What helps is that the voice acting of the game is top-notch, especially when it comes to the more major characters. Rarely do I come across MMOs (or games in general) that have voice acting that is strong enough to do justice to their writing, but Stormblood definitely falls into that category. This story has a singular focus on telling a dour and compelling narrative, and that is something that bleeds into its writing and voice acting as well. From soldiers who’ve witnessed and committed some truly horrifying things during the war to deeply conflicted characters, the writing and voice work are, for the most part, spot on in conveying what they wish to convey.
Similarly, the cutscenes in Stormblood are absolutely beautiful. Final Fantasy has always been known for having some of the flashiest, most well-directed cutscenes in the industry, even for games such as Final Fantasy 15 which don’t necessarily have that much of a focus on storytelling, and that’s just as true with this expansion pack as it has ever been, if not even more so. The story being told here is one that works on several levels- as a sweeping and epic tale about a massive war, and as a collection of personal, more intimate stories about several characters. And the cutscenes that tell the bulk of this story never fail to have an impact, no matter what kind of juncture you’re at in the story.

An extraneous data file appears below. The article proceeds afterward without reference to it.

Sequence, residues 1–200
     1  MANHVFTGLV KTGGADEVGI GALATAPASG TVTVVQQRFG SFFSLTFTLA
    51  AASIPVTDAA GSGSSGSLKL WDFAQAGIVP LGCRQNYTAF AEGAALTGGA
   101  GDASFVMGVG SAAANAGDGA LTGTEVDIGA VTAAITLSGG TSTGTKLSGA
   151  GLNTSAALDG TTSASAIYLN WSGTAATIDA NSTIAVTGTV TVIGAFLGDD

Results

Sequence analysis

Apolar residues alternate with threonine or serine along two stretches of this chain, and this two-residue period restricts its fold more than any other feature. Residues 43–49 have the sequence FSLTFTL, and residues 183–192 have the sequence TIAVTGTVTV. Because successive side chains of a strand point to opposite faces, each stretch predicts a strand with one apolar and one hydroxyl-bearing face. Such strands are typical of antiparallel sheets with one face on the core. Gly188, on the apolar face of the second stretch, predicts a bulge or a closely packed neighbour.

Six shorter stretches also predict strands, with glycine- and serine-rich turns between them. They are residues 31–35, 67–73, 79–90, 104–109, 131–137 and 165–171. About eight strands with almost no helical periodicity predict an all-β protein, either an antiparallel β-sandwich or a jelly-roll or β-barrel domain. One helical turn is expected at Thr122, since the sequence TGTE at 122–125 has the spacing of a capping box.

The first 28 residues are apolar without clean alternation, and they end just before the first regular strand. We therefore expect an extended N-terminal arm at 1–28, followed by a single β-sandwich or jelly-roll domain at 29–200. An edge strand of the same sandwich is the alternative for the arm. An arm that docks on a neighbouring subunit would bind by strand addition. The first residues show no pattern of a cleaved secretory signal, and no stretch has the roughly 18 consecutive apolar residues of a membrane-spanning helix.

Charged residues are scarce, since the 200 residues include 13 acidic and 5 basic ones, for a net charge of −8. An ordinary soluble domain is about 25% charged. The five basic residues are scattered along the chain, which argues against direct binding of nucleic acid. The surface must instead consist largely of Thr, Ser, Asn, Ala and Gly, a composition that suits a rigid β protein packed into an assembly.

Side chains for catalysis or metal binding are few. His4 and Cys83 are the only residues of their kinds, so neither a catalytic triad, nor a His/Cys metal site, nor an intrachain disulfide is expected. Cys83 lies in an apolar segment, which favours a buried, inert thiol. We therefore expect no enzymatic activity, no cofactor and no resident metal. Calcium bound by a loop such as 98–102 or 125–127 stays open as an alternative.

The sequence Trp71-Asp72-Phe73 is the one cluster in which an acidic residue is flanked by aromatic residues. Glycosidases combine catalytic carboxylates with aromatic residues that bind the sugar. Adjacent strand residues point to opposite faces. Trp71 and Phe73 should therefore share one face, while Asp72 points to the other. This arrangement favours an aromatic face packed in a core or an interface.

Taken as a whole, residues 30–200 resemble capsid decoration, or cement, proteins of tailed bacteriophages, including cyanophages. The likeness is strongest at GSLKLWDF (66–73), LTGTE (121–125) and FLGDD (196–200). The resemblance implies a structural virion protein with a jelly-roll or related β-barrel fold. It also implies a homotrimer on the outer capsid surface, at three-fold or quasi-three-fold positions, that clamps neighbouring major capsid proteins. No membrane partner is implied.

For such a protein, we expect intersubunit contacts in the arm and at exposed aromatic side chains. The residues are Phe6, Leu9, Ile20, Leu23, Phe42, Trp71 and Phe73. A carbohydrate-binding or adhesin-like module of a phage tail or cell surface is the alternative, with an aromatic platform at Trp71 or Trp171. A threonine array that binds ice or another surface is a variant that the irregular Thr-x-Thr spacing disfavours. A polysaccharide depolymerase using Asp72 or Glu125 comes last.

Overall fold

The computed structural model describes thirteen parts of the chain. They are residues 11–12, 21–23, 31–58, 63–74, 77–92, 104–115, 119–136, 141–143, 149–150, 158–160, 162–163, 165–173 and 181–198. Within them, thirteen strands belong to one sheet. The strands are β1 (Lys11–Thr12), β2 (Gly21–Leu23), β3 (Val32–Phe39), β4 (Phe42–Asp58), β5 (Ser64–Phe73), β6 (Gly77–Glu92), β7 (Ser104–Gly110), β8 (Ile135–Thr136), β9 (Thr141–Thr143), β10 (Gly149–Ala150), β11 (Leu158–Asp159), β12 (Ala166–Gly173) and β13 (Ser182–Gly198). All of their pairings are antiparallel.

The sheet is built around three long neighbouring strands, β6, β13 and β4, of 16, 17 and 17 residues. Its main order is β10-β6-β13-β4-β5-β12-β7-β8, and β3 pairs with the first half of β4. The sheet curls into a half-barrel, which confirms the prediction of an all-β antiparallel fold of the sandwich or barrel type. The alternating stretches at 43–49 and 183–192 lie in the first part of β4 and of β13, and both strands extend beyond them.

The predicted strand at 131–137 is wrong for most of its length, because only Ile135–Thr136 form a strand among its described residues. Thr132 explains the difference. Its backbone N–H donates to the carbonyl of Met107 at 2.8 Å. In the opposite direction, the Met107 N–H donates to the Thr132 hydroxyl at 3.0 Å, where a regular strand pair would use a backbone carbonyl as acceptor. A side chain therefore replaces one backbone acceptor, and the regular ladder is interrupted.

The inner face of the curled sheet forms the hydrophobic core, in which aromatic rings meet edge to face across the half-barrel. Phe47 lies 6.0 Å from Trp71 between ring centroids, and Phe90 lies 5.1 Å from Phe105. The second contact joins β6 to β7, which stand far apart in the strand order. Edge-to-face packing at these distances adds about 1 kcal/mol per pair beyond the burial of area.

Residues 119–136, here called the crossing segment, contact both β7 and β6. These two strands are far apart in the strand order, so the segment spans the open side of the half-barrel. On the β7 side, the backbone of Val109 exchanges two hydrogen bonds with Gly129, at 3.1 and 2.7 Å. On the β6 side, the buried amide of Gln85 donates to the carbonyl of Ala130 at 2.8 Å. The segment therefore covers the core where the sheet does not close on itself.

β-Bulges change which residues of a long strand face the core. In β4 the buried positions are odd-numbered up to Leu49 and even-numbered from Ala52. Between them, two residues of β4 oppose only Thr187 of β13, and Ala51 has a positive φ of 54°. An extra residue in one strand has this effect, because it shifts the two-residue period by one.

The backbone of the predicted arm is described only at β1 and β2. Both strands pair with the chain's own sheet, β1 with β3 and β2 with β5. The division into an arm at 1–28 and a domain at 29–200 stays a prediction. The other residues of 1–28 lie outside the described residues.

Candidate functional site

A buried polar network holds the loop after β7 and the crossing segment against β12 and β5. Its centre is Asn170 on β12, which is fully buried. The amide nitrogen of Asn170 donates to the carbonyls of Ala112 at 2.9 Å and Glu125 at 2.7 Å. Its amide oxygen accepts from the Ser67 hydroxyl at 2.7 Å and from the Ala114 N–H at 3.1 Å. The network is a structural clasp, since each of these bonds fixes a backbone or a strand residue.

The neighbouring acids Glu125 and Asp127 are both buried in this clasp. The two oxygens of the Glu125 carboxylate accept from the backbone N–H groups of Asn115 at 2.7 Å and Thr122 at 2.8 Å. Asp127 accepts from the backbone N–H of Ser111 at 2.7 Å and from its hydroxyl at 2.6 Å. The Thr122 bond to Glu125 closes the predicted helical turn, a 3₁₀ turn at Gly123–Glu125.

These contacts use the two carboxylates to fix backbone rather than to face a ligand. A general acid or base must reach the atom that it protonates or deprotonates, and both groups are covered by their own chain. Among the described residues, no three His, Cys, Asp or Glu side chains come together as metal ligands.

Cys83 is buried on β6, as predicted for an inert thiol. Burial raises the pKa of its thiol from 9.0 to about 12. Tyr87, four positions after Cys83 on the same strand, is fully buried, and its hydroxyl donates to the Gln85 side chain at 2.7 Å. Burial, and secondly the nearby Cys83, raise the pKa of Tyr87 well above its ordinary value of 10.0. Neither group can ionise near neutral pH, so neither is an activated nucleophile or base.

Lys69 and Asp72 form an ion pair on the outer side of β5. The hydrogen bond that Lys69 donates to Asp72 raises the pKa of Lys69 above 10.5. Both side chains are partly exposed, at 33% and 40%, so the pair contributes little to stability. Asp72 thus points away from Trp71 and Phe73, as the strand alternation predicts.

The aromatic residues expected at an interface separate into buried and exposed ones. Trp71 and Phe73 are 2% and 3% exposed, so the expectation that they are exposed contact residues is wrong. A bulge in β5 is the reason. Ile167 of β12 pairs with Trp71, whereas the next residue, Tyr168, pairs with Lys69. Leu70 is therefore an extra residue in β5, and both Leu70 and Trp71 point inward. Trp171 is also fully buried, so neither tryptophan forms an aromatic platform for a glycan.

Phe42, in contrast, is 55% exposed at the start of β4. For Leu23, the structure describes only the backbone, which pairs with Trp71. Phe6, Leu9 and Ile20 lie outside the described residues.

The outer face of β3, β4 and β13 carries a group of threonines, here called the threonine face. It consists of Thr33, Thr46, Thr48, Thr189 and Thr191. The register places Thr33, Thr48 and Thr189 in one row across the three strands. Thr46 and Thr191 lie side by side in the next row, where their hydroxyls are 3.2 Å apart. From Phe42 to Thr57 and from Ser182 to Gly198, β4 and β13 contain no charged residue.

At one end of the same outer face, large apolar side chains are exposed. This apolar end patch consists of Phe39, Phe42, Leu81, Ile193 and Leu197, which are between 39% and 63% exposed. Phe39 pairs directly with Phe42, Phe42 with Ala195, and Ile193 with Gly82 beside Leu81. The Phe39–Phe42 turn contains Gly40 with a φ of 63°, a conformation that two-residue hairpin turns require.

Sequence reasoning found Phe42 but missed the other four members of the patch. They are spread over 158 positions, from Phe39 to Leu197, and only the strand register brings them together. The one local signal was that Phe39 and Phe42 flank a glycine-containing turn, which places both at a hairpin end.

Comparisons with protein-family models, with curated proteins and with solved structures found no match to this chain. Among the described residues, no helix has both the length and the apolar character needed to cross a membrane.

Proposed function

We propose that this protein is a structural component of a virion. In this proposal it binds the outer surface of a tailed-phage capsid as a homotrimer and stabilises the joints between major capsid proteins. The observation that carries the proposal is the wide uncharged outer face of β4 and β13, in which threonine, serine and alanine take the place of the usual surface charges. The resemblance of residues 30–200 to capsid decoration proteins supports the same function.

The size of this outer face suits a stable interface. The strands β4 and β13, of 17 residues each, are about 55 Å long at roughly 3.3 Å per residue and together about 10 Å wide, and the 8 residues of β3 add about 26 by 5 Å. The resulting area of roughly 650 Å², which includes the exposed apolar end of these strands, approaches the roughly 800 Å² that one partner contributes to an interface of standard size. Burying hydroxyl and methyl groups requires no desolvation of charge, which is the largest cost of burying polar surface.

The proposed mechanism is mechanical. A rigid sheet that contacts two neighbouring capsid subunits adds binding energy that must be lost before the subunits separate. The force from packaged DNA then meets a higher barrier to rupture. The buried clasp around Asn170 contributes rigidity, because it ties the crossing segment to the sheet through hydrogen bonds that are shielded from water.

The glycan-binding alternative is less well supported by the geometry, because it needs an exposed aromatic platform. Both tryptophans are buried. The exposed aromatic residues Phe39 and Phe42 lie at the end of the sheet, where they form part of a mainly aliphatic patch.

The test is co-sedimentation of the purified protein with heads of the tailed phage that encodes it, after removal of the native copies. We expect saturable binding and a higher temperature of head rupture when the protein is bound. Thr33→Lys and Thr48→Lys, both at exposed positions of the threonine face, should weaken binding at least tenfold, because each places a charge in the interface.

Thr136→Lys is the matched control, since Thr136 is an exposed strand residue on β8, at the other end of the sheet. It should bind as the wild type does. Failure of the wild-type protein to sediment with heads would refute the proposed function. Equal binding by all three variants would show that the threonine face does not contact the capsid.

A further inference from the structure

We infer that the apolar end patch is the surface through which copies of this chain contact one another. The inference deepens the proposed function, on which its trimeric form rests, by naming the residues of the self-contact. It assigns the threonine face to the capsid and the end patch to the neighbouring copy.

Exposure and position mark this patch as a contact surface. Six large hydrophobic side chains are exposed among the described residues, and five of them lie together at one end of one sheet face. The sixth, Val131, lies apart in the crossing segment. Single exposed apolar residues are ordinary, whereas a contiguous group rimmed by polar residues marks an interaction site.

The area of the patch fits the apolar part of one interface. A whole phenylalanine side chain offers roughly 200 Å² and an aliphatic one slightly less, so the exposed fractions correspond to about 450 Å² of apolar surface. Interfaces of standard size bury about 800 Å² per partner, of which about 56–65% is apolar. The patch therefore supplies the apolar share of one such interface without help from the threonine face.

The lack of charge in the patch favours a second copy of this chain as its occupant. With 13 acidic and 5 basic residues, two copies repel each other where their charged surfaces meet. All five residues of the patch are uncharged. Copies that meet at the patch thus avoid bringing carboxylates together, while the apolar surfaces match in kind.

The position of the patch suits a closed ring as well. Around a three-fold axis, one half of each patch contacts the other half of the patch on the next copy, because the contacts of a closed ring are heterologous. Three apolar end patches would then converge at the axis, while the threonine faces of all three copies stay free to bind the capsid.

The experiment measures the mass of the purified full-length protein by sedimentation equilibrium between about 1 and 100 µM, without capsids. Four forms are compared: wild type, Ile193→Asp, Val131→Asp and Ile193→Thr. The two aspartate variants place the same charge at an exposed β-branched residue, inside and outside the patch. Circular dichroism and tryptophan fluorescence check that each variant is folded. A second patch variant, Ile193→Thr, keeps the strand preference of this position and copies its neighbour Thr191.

"The story being told here is one that works on several levels- as a sweeping and epic tale about a massive war, and as a collection of personal, more intimate stories about several characters."
From a game design perspective, Stormblood is a little more inconsistent. It’s bogged down by some issues, most of which you will be familiar with if you’ve ever played an MMO before. There’s a lot of grinding to be done here, since most of the story missions are level gated, and the side quest design is, quite frankly, unimaginative and boring- about what you’d expect from an MMO. These quests mostly devolve into becoming fetch quests or kill quests, and they don’t even give out much XP as a reward, so it’s not even like they’re worth the time or effort it takes to be done with them. Sure, the game lets you earn XP much faster thanks to PVP and other methods, but that doesn’t excuse just how bland the side quest design is here.